Aug 19, 2019 | Updated: 08:55 AM EDT

Jupiter Closer To Earth, See It Without Telescope

Jun 10, 2019 09:52 AM EDT

(Photo : Alex Antropov 86)

The mighty "king" of the planets - Jupiter - makes itself readily visible to those who are in search for it. But to those who particularly want to see it a bit closer, scientists have revealed that next week would a good time to look up the sky to catch a glimpse of this giant ball of gas. The planet along with its moons will be seen from the Earth's atmosphere even without a telescope. Jupiter will be closest to Earth than any other given time for the rest of the year.

NASA, in their most recent post online, gave people some skywatching tips to start the month of June.

"Jupiter is at its brightest and biggest this month. It will be rising at dust and will remain visible the whole night," according to the NASA post. Jupiter will be its closest distance to Earth this year by the middle of the month. While it remains to be very far away from the Earth considering its lightyear distance, people should be able to spot Jupiter and some of its moons even with just a pair of binoculars as it enters its period of opposition exactly June 10 of this year.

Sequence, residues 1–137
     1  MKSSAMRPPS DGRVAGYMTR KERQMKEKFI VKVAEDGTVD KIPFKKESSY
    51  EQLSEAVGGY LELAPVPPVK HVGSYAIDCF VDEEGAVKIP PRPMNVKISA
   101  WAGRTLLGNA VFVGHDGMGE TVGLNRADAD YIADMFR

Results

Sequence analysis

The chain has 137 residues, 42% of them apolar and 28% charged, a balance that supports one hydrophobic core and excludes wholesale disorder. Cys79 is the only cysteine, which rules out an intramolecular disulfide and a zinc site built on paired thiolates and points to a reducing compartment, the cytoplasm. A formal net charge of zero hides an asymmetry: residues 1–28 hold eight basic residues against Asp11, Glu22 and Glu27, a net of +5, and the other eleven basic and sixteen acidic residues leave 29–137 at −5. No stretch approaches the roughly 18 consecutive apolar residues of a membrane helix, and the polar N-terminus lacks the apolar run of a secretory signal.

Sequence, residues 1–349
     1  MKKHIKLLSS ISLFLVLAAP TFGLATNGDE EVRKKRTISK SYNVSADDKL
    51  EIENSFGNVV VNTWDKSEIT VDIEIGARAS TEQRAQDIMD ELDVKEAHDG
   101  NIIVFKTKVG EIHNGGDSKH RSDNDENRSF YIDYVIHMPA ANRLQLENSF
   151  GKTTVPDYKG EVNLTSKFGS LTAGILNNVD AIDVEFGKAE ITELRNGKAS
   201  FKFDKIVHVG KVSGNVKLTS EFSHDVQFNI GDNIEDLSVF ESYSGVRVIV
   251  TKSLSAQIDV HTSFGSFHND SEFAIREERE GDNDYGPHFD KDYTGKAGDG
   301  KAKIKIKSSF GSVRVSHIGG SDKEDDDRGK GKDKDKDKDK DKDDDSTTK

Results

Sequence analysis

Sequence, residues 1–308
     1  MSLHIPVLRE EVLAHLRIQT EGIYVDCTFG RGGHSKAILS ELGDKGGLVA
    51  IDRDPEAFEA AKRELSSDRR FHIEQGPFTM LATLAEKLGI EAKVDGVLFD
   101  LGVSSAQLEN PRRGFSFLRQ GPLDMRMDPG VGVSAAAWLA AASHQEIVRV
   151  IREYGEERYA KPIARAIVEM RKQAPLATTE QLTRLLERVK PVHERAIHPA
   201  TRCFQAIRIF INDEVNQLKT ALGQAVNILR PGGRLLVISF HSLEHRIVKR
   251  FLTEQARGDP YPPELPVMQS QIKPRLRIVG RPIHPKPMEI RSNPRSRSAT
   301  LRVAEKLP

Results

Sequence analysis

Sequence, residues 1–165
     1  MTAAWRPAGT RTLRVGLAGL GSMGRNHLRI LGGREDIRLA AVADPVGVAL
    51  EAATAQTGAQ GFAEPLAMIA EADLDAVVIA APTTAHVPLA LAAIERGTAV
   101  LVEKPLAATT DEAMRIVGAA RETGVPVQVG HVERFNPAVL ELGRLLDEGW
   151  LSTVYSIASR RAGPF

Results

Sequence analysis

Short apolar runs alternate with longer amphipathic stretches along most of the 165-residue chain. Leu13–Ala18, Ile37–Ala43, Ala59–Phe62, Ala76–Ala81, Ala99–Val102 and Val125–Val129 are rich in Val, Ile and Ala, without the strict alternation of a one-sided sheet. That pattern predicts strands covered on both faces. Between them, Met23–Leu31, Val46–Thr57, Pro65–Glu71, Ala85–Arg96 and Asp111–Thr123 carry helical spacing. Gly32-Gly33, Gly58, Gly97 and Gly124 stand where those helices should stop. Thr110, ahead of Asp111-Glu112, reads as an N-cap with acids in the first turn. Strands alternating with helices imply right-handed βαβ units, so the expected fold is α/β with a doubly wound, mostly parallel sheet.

"The Jupiter, being the largest planet in the Milky Way galaxy will look like a gem in the night sky. Through binoculars, it will look even more fantastic because you will get to see four of its moons. When you get lucky, you might also be able to see the banded clouds that seem to circle around the planet," NASA explains.

NASA added that while Jupiter may only be this close to Earth for one night, the month of June remains to be a prime month for looking up the sky and seeing Jupiter look like it's close by. Jupiter will be reaching its opposition on June 10. This is the yearly occurrence when all three -- Jupiter, the Earth and the Sun -- are lined up in a straight line. The Earth remains in the middle.

"It's the best time to look up for Jupiter because it will be there the whole night. This year, this is the only time Jupiter will be in its closest distance to Earth," NASA explains.

A pair of binoculars could come in handy at this time. However, if you have a telescope for a hobby of skywatching, you're sure to get a better look of the amazing planet that it is.

©2017 All rights reserved. Do not reproduce without permission. The window to the world of science times.
Real Time Analytics